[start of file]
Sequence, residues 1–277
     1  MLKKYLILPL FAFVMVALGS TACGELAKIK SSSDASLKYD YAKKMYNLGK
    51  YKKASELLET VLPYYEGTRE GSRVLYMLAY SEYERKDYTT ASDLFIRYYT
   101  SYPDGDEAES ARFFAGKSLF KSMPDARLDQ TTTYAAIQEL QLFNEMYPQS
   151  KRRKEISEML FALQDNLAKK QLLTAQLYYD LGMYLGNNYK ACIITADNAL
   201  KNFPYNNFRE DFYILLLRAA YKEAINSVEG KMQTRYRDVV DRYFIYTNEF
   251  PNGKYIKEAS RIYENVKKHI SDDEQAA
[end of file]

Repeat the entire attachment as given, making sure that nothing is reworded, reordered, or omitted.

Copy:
Sequence, residues 1–277
     1  MLKKYLILPL FAFVMVALGS TACGELAKIK SSSDASLKYD YAKKMYNLGK
    51  YKKASELLET VLPYYEGTRE GSRVLYMLAY SEYERKDYTT ASDLFIRYYT
   101  SYPDGDEAES ARFFAGKSLF KSMPDARLDQ TTTYAAIQEL QLFNEMYPQS
   151  KRRKEISEML FALQDNLAKK QLLTAQLYYD LGMYLGNNYK ACIITADNAL
   201  KNFPYNNFRE DFYILLLRAA YKEAINSVEG KMQTRYRDVV DRYFIYTNEF
   251  PNGKYIKEAS RIYENVKKHI SDDEQAA